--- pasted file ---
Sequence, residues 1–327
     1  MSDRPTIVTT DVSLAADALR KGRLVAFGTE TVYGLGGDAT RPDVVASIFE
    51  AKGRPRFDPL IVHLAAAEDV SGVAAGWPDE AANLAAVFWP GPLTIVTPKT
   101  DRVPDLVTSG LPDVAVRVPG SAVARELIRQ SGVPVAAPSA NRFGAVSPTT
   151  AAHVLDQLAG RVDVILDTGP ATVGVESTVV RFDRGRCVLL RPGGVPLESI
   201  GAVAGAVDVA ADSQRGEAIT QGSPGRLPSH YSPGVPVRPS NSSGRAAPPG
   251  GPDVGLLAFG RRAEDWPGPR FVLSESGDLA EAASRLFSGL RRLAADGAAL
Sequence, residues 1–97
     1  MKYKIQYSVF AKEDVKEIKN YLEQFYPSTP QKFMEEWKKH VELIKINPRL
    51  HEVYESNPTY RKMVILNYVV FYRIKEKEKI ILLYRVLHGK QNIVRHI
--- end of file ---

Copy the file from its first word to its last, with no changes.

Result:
Sequence, residues 1–327
     1  MSDRPTIVTT DVSLAADALR KGRLVAFGTE TVYGLGGDAT RPDVVASIFE
    51  AKGRPRFDPL IVHLAAAEDV SGVAAGWPDE AANLAAVFWP GPLTIVTPKT
   101  DRVPDLVTSG LPDVAVRVPG SAVARELIRQ SGVPVAAPSA NRFGAVSPTT
   151  AAHVLDQLAG RVDVILDTGP ATVGVESTVV RFDRGRCVLL RPGGVPLESI
   201  GAVAGAVDVA ADSQRGEAIT QGSPGRLPSH YSPGVPVRPS NSSGRAAPPG
   251  GPDVGLLAFG RRAEDWPGPR FVLSESGDLA EAASRLFSGL RRLAADGAAL
Sequence, residues 1–97
     1  MKYKIQYSVF AKEDVKEIKN YLEQFYPSTP QKFMEEWKKH VELIKINPRL
    51  HEVYESNPTY RKMVILNYVV FYRIKEKEKI ILLYRVLHGK QNIVRHI